Welcome to the Reader's Corner Website/Blog.

The Reader's Corner is a new and used bookstore located in Rolla, Missouri.

We specialize in buying, selling and trading like-new condition used books.

We currently have around 75,000 books in 52 genres displayed in a unique setting,

meticulously designed to encourage unhurried, comfortable browsing.

Sunday, April 11, 2010

Some Thoughts About the Book "Cheap" by Ellen Ruppel Shell

by Larry Bowen

I've been reading the book Cheap, the High Cost of Discount Culture by Ellen Ruppel Shell. It's a fascinating look at the psychology involved in why we buy the things we buy. As consumers, we've shown that we prefer low price over quality, to a point, most of the time. The discount chains have spent millions of dollars trying to understand and market to this phenomenon. I'd like to share two paragraphs from the chapter "Death of a Craftsman" that I thought were incredibly poignant especially now that "Green" is such a buzz word. Again, they're marketing to what we're passionate about whether it's low price, good value or saving the struggling environment, but...

"IKEA is the third largest consumer of wood in the world, just a step or two behind discounters Home Depot and Lowe's, and just a step or two ahead of Wal-Mart. The timber used in the wood products sold by these chains comes mostly from Eastern Europe and the Russian Far East, where wages are low, large wooded regions remote, and according to the World Bank, half of all logging is illegal. Forests in this region are on the decline, especially forests of high-demand varieties such as oak, ash, birch, and Korean pine. In pursuit of these and other valuable species, illegal loggers cut in restricted riverbanks, fish-spawning sites, and other conservation areas, and they bribe officials in exchange for documentation that the timber they poached was acquired legally. In 2007, the Washington Post published a penetrating and exhaustive investigation of illicit forestry practices that focused on Vostok, Russia, where villagers earned roughly a hundred dollars  a month felling trees and hauling logs. The Russian logs were milled into planks by low-wage Chinese workers and shipped to border towns in low-wage China. More wood, much of it illegally harvested, poured into China every day from timber depots in Indonesia, Malaysia, the Mekong Delta, central Africa, and the Amazon. Most of this wood goes to make cheap tables, chairs, bookcases, and other wood products sold by discounters, especially in the United States.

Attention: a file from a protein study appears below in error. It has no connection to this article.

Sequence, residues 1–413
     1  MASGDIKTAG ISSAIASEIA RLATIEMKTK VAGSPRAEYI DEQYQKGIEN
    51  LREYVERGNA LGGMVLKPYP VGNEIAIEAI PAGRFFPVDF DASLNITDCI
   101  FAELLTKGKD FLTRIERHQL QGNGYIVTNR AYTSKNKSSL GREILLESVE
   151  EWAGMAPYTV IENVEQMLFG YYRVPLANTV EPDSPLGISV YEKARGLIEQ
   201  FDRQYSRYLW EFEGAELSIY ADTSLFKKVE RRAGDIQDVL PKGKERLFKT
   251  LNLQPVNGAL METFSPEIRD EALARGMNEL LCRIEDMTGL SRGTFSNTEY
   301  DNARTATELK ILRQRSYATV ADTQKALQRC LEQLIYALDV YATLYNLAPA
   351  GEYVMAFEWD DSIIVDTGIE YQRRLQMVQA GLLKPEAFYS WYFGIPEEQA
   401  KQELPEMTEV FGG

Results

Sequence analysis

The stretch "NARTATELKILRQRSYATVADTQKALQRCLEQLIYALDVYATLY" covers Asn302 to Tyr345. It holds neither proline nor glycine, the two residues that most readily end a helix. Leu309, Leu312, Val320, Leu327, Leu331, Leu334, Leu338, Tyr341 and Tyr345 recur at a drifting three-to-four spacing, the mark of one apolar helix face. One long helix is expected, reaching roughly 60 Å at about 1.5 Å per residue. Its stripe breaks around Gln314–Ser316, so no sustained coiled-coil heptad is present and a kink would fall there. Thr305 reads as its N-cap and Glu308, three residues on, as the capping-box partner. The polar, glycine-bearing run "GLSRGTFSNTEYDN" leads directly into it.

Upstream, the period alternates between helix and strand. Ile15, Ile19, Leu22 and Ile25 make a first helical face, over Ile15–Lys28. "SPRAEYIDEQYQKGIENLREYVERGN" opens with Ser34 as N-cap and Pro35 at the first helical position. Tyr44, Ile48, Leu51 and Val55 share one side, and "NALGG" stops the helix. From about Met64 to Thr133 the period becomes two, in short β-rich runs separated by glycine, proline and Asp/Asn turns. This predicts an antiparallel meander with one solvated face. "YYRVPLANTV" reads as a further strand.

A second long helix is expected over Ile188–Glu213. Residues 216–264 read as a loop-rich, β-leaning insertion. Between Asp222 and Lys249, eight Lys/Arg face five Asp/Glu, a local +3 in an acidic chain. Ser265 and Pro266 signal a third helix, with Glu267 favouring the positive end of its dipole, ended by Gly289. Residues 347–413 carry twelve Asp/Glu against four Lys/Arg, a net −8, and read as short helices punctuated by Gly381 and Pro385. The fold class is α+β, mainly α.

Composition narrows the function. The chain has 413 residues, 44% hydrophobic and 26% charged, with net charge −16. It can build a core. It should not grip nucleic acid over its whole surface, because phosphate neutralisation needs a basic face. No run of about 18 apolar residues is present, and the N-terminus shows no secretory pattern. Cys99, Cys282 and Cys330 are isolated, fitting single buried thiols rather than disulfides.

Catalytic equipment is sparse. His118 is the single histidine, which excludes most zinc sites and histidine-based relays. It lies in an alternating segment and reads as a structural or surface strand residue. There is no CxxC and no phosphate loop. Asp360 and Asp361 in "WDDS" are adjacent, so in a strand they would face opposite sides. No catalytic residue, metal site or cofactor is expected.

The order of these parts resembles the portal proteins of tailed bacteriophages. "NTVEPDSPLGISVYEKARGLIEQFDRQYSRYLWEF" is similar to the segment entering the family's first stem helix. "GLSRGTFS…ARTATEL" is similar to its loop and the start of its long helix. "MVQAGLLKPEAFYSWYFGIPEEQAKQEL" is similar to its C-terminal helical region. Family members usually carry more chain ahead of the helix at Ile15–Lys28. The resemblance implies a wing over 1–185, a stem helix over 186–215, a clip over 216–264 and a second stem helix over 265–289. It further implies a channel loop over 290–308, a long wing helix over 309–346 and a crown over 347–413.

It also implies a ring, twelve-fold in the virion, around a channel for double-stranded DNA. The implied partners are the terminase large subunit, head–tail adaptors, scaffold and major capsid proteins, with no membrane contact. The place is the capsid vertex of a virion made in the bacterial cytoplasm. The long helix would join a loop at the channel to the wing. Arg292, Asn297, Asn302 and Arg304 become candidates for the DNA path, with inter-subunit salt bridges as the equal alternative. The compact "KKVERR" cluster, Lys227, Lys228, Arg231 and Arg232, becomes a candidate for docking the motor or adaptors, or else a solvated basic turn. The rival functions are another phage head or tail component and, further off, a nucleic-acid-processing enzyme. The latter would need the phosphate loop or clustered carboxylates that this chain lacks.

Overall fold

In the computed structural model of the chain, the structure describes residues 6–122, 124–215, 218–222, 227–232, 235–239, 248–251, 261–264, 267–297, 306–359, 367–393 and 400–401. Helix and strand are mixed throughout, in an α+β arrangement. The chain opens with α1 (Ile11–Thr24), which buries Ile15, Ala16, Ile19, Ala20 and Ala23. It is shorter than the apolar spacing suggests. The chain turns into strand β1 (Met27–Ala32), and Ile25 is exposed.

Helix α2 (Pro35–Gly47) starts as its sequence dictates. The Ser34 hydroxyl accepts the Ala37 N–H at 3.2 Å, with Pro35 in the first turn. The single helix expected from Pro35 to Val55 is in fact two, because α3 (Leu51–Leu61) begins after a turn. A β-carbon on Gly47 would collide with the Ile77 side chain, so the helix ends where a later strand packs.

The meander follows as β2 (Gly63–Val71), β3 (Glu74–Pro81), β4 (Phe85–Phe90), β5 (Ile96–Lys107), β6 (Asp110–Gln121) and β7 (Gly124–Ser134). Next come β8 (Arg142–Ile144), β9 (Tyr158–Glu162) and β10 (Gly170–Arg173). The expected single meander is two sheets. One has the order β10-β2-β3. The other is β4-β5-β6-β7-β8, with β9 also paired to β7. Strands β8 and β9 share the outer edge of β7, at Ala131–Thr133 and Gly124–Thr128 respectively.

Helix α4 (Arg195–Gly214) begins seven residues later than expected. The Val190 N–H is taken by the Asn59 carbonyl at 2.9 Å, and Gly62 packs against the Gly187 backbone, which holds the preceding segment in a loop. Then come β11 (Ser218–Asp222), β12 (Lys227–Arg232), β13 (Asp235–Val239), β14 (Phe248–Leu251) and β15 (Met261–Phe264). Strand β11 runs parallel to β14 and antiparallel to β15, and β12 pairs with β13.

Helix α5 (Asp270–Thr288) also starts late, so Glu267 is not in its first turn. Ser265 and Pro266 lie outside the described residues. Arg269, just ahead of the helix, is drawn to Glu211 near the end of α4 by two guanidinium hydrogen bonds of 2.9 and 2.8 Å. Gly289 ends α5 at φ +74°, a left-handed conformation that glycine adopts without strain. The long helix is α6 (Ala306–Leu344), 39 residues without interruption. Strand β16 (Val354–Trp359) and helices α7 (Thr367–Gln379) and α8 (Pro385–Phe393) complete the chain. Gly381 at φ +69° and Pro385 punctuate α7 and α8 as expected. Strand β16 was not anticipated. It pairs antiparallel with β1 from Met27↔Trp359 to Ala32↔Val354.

Wood is in theory a renewable resource, but environmentalists warn that the demand for cheap Chinese-made furniture-half of all timber in the world is traded there-has stoked a "cut and consume" cycle that is destroying the world's forests at a rate unprecedented in human history. This harvest is not sustainable, and what is being taken-and what is being lost in the largest sense-is not renewable. Illegal logging operations generally locate in remote areas that are difficult to oversee, including wildlife habitats and conservation land. Over the long haul, deforestation contributes mightily to climate change, accounting for over 18 percent of global carbon dioxide emissions-more than the entire global transport system or the whole of the industrial manufacturing sectors. Despite knowing this, few players on the global scene, be they factory owners, wholesalers, retailers, or customers, are motivated to question seriously the provenance of their wood products. Questions would only raise the price."

In my opinion, it's no wonder we've lost most of our manufacturing jobs in the United States. With the disregard for the environment and regulation and their only motivator being money, our competitors overseas will beat us every time. We have OSHA, the EPA, the DNR, Federal and State regulations and a host of other overseers making sure our products are safely made and friendly to the environment. Don't get me wrong, I think that's a good thing. But you'd have to be a fool not to see that we will never be able to compete as a nation without a level playing field. The only way we will ever get some of our jobs back in this country is to make our wishes known with our pocket books and I don't think as consumers we're willing to do that. We will usually choose price over other considerations every time. This book points that out and backs it up with page after page of statistics and studies. If I can get past the gloomy prospects of our future as a country and world, I'm enjoying the information presented by the author.